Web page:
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Willis Arnold Gorman

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Willis Arnold Gorman

Willis A. Gorman
Willis A. Gorman, 1872
2nd Territorial Governor of Minnesota
In office
May 15, 1853 – April 23, 1857
Appointed by Franklin Pierce
Preceded by Alexander Ramsey
Succeeded by Samuel Medary
Personal details
Born Willis Arnold Gorman
(1816-01-12)January 12, 1816
Flemingsburg, Kentucky, U.S.
Died May 20, 1876(1876-05-20)
St. Paul, Minnesota, U.S.
Political party Democratic
Spouse(s) Martha Stone
Profession lawyer and politician

Willis Arnold Gorman (January 12, 1816 – May 20, 1876) was an American lawyer, soldier, politician, and a general in the Union Army during the American Civil War.

Biography

Gorman was born near Flemingsburg, Kentucky. He was the only child of David and Elizabeth Gorman, both of Irish descent. In 1835, the family moved to Bloomington, Indiana, where Gorman graduated from Indiana University's law school in 1835 and established a law practice. In January 1836, he married Martha Stone in Bloomington. By 1837 he began his move into politics, becoming a clerk in the Indiana State Senate. From 1841 to 1844, he was elected to the Indiana House of Representatives.[1]

In 1846 he volunteered for the army, enlisted as a private, and went to fight in the Mexican-American War. He was appointed as a major in the 3rd Indiana Volunteer Infantry, and led an independent rifle battalion at the Battle of Buena Vista, where he was severely wounded. When his term of service expired, he re-enlisted and was appointed colonel of the 4th Indiana. He served in the capture of Huamantla and in several other campaigns and battles. In 1848 he was civil and military governor of Puebla, but soon after he returned to Indiana. He served in the United States House of Representatives from March 4, 1849, to March 3, 1853, as a representative of that state.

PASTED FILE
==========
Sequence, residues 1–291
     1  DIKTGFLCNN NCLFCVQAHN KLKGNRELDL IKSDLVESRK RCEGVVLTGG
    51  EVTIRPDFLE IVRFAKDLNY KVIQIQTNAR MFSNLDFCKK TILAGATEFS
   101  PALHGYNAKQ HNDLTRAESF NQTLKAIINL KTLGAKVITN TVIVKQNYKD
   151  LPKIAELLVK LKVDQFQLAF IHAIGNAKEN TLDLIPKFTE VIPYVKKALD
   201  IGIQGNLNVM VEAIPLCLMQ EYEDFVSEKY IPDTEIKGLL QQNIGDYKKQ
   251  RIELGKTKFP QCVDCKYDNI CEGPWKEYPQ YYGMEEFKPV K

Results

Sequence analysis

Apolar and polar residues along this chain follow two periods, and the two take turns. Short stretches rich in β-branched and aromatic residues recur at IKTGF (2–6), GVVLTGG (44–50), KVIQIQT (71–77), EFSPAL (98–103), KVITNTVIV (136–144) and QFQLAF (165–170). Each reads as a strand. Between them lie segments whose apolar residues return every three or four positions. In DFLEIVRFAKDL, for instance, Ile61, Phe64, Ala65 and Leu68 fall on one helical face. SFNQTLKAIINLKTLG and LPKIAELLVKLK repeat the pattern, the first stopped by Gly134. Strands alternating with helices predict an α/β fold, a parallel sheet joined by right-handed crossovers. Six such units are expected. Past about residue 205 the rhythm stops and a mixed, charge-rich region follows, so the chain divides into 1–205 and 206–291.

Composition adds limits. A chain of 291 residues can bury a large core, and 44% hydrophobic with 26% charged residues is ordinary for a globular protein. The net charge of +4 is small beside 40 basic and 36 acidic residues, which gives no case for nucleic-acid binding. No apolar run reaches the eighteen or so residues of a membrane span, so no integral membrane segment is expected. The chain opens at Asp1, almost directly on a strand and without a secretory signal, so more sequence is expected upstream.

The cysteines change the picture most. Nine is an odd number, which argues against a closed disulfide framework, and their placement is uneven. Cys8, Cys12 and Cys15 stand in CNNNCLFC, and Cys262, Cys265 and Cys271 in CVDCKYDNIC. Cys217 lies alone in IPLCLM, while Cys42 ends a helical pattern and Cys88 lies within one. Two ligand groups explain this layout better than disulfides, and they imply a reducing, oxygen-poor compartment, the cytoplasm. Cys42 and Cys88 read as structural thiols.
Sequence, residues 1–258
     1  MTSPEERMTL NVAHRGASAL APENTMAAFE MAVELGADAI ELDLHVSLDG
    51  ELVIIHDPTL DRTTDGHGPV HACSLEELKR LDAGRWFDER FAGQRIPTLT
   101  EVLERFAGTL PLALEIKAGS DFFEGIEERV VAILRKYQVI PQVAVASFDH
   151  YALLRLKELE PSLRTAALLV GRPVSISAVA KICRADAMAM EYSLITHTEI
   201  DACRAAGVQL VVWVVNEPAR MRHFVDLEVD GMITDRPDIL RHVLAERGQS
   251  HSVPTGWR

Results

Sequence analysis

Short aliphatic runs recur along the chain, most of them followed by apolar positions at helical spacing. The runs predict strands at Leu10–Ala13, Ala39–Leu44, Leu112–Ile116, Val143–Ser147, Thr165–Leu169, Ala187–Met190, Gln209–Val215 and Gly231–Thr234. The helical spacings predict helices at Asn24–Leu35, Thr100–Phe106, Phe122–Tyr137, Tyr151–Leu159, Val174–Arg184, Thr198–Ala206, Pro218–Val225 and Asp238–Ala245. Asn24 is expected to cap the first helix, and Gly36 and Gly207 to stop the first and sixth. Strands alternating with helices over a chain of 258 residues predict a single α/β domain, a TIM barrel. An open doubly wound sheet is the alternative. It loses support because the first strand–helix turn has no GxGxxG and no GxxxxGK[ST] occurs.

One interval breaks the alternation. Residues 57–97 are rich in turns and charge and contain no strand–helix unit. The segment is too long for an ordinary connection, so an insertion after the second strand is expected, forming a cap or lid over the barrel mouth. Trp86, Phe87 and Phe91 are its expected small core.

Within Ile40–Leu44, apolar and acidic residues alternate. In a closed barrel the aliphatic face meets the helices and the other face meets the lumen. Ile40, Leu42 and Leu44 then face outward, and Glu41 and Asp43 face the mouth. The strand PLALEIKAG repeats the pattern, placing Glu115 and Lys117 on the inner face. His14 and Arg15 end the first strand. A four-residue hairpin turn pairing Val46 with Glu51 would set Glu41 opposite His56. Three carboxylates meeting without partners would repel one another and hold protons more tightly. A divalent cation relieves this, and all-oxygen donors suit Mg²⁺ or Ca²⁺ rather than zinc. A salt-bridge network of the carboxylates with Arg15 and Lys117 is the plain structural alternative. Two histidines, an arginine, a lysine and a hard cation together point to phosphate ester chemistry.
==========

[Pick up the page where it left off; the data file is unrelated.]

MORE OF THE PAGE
Gorman, politically a Democrat, served as the second Territorial Governor of Minnesota from May 15, 1853, to April 23, 1857, at the appointment of President Franklin Pierce. During his time as Governor of Minnesota, he masterminded an unsuccessful plan to move the capital of the territory from St. Paul to St. Peter, where he owned land that would have been eminently suitable for use as the new capitol grounds. The plan was sidetracked when legislator Joe Rolette disappeared with the bill until the last seconds of the legislative session.

He spent a number of years practicing law in St. Paul, Minnesota, and served in the Minnesota House of Representatives from May 11, 1858, to January 1859.

With the secession of several Southern slave states, Gorman offered his services to the army. He was appointed Colonel of the 1st Minnesota Infantry, serving in the First Battle of Bull Run on July 21, 1861. On September 7, 1861, he was appointed brigadier general of volunteers and assigned to command a brigade in the II Corps in Army of the Potomac during the Peninsular Campaign. His troops suffered high casualties during the Battle of Antietam in an ill-fated attack on Confederate positions in the West Woods. Later in the year, he was assigned to command the District of Eastern Arkansas.

Postbellum

In 1864 he left the service and resumed his law practice in St. Paul. He was elected City attorney in 1869, and continued in that position until his death. He is buried in Oakland Cemetery in St. Paul.

See also

References

  • Retrieved on 2008-02-14
  • The Minnesota Historical Society.
Political offices
Preceded by
Alexander Ramsey
2nd Governor of Minnesota Territory
1853 – 1857
Succeeded by
Samuel Medary
Preceded by
George G. Dunn
United States House of Representatives from Indiana
1849 – 1853
Succeeded by
Thomas A. Hendricks

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